Music To A Video Game Player's Ears

Video games with their rising budgets are now attracting serious composing talent, according to a report by the Associated Press. Scoring for traditional television may soon enough be playing second fiddle. Hit singles such as Green Day's "American Idiot" were heard on the hugely popular "Madden NFL Football" games even before they got radio play. In fact, 14 of the 21 songs in the game's latest version, to be released Tuesday, are previously unreleased. The new version features music from Foo Fighters, Rev. Run of Run-DMC fame, and others.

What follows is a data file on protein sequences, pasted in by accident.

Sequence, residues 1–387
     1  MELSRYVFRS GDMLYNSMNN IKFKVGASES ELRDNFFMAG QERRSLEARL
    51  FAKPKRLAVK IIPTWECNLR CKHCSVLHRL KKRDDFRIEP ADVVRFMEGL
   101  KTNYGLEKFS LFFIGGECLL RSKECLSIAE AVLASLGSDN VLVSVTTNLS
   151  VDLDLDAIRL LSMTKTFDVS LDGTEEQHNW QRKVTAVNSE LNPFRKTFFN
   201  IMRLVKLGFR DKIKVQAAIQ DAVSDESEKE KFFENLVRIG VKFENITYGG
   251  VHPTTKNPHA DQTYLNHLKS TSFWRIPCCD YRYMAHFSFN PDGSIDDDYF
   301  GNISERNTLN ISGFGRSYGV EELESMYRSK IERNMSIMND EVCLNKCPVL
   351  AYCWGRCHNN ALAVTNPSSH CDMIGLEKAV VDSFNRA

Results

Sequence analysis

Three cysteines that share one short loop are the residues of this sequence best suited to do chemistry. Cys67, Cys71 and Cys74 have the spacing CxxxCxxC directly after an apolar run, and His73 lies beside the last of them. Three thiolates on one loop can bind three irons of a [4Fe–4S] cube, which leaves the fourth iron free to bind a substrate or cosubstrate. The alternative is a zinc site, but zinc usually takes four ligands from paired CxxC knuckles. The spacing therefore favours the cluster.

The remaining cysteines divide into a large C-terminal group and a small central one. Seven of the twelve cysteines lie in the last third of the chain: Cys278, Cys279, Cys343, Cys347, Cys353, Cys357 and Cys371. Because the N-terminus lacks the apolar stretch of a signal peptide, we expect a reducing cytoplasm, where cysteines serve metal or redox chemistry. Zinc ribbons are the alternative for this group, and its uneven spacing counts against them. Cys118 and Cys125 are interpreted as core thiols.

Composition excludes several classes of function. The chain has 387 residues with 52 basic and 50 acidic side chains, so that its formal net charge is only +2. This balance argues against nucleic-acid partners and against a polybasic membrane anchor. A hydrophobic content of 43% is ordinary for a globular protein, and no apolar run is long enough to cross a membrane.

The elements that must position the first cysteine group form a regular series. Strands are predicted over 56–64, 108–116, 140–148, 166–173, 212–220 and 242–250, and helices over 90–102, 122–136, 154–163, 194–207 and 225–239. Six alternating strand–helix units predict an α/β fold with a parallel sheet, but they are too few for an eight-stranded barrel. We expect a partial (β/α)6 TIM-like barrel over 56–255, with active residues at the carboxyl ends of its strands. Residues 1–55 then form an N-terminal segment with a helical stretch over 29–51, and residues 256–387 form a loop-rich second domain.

The report continued to say that it's all a sonic leap from the blips and beeps of "Pong" and "Asteroids" -- so memorably annoying they've come to define game audio for decades.
Video game music's growing popularity is being driven by budgets that can now reach hundreds of thousands of dollars, spending that has climbed along with overall industry revenue. In the United States, video game industry sales now exceed movie box office receipts. "Halo 2" generated more than $125 million Music is becoming an interactive part of the story. Games are programmed so scores react to virtual environments and player choices. Multiple sound backdrops shift with scenarios.

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